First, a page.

Saturday, March 13, 2010

Rhode Island is famous for giving away the store.

Jef Nickerson over at Greater City: Providence wrote a post with some pictures today about some ABC pilot that's being filmed on Mathewson Street.  The pictures show downtown Providence tarted up to resemble Philadelphia, where the series is apparently supposed to be set.  I'd been hearing by and by about a pilot being filmed here, but I had no idea when or what it was.  I won't bore you with the details, Jef already has them in his post. 

Obviously, this whole thing grinds my gears, because otherwise I wouldn't be blogging.  I had this conversation with my friend Chaz a while back, when the state was thinking about canning its film industry tax credit.  The city has been routinely disrupted every so often because some bigshot is filming here.  You all know exactly what goes on:  every busy corner in town is suddenly blocked off, throwing traffic into disarray and shutting down local businesses until the filming is done.  In one famous instance, film crews went as far as to show up at the statehouse unannounced and demand it be closed for them to film. 

I guess some of this could be forgiven if any of it meant good publicity or real economic growth for the city-state, but little if any net gain is ever realized because hardly any of these things showcase the city, or even use it as the plot setting.  Providence is always used as a stand in for "bigger and better" cities, because frankly it's cheaper and prettier, but rarely if ever is our name even mentioned.  Sure, we all know it was filmed here, but to the average slob sitting in front of his living room TV in...wherever, it's Boston, New York, Philadelphia.  I'm sorry, but if you're going to show up here, take our tax dollars, disrupt daily life and shut down local businesses, you had better show our beautiful fucking city in your work.  It should be written into the tax credit, but God forbid our lawmakers give us a reason to be proud of ourselves or where we live.  It's dumb enough that we've even kept it to begin with, since it clearly does nothing but cost us money in a bad economy.  Meanwhile, we're closing down well-performing elementary schools, and allowing our buildings to rot away and be victimized by sleazy politicians who make them into parking lots that fund their latest run for mayor, because we certainly can't subsidize any of that shit. 

Tuesday, December 22, 2009

Two feet of it.

It never ceases to amaze me, when I take a walk in the snow, why so many people complain so hard about it.

How is this not beautiful?

Monday, November 2, 2009

Providence won the very first world series.  1884.  Remember that.

Thursday, October 29, 2009

The Prentice Mansion

I was driving to class today when my friend Josh called me.  He found out that there was going to be an open house at the Prentice mansion today at two, and invited me to go with him.  Of course I agreed.  For those of you unfamiliar with it, it sits at the corner of Broadway and Tobey streets.  It looks like this:

It was built originally in the 1860s, and greatly expanded and remodeled in the 1880s.  Anyone who walks or drives by it for the first time asks "what's in that house?".  It's by far one of the most extravagant, pretentious Victorian houses I've ever seen.  It's been vacant and locked for about 8 years.  I was very excited to see what the inside had to offer, but also somewhat unprepared for it.  I took pictures, but since there was no electricity, I was forced to use my flash, so they're not of my usual quality.  For the sake of keeping this post to a reasonable length, I'll only post the most important ones, but there are more.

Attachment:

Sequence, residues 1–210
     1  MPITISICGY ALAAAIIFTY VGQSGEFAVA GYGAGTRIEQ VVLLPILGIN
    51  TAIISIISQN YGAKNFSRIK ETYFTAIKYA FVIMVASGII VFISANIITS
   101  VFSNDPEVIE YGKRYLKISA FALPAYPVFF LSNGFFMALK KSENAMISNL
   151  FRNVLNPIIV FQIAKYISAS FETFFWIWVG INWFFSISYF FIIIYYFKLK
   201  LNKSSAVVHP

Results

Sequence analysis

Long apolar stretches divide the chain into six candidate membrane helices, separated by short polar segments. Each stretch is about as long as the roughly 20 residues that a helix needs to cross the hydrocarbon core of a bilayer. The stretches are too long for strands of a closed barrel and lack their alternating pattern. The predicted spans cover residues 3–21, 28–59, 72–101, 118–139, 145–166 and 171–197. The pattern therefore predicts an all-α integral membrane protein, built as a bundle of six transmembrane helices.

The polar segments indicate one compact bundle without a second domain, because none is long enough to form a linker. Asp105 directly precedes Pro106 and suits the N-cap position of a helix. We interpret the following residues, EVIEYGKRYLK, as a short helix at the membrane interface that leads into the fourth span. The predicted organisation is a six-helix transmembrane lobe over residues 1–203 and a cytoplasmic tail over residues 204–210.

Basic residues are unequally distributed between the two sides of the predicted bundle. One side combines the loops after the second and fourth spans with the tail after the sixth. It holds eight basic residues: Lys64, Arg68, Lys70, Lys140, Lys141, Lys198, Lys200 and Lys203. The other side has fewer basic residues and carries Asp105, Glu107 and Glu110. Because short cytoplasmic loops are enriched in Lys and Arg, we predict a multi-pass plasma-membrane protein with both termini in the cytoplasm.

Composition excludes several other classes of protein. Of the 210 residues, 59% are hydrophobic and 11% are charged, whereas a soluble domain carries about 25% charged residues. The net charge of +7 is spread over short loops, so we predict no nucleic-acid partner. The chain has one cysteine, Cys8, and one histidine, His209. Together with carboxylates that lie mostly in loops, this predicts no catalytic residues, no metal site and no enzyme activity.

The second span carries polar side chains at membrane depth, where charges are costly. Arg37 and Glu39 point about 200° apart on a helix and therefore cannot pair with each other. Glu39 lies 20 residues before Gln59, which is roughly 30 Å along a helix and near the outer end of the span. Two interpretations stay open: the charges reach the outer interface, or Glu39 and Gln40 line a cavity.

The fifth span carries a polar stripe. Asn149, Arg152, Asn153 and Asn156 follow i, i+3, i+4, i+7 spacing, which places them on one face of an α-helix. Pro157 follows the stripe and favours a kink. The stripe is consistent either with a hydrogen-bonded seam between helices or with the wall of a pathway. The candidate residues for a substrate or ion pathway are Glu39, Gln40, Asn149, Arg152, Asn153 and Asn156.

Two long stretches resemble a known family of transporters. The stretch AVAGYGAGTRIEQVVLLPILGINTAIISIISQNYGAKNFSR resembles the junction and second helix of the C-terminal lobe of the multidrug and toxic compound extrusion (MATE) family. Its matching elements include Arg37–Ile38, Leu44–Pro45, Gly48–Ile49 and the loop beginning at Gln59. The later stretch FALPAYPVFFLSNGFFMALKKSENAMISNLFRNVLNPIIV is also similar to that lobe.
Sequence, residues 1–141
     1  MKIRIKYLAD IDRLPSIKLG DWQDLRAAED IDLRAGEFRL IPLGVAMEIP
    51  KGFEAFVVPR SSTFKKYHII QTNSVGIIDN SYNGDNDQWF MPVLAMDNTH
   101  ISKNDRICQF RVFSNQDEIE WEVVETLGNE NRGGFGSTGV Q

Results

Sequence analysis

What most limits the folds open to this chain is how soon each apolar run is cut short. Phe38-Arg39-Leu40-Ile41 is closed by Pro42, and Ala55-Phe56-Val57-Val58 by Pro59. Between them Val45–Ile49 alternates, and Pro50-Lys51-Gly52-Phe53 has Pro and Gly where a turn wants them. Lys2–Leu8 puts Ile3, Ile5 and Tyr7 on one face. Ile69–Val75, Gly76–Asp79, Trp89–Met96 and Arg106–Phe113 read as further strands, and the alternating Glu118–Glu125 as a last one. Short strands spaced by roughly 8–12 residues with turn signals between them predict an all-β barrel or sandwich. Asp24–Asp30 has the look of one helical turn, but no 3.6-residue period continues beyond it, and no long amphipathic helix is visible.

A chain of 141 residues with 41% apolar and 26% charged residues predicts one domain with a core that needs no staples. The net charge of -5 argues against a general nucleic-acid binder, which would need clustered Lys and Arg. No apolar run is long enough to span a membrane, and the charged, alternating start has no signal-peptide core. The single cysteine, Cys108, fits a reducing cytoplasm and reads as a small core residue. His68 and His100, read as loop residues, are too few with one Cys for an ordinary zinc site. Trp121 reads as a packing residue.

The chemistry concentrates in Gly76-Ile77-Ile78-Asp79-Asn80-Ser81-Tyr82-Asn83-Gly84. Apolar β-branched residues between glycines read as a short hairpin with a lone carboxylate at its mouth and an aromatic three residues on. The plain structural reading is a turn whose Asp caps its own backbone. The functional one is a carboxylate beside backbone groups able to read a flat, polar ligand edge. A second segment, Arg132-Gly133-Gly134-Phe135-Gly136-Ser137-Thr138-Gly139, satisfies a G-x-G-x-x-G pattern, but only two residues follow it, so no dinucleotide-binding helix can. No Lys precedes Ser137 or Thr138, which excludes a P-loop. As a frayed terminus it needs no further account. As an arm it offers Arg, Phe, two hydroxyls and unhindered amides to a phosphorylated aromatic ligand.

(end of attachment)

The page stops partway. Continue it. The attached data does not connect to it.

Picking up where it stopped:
The Grand Staircase.  The scale here is a little misleading.  The newel post in the lower right is actually much taller than I am.

A pocket door on the first floor near the grand staircase.  You can see a bit of the ceiling detail in the upper left.

Probably my single favorite feature of the house:  the interior front doors, which have classic English arts and crafts painted glass, in an impeccable state of preservation.  The entire first floor is full of early Arts and Crafts woodwork.

A gas chandelier in the dining room.  This room, for some reason, looks like it was never renovated.  This is what the house would have looked like when it was new in the 1860s.  Very different from the richness of the rest of the house.

The Drawing Room.  Again, classic Arts and Crafts.  Unfortunately, the ceiling in this room lost the detailing that can still be seen in the main hallway.  It's also difficult to make out, but there's a marvelous parquet floor in this room, as there are in most of the others.

Stained glass windows in the elevator shaft.

Here's where it all gets very sad.  One of many standing puddles on the second and third floors.  Another winter, and this house might as well not have a roof.  The entire building is actually beginning to lean inward.

A family of Italian dressmakers lived and worked in the house during the first half of the 20th century.  This was their workshop, on the 3rd floor.  Much of the house actually bears the marks of their presence here.  In some ways, I love its eclecticism, but to be quite frank, a lot of the things they did were awfully tacky.

Last but not least, the view from the tower window.  One of the women on the tour with me remarked at how beautiful it was, and how amazing a state of preservation that Providence is really in, when you see it from a perspective like this.  It's very true.

I left this place feeling many different emotions at once.  I felt blessed to have been able to see it.  I felt furious that someone could care so little for such an amazing place.  I felt hopeful because it's being sold, but also hopeless because there's so much damage.  I felt plain sad more than anything else, because so much has been lost.  I've never believed in prayer, but I may just break down and pray for this house, because its fate is totally out of my hands.

Wednesday, October 21, 2009

I was Chinese for Halloween one year when I was a kid.  True story.

Thursday, October 15, 2009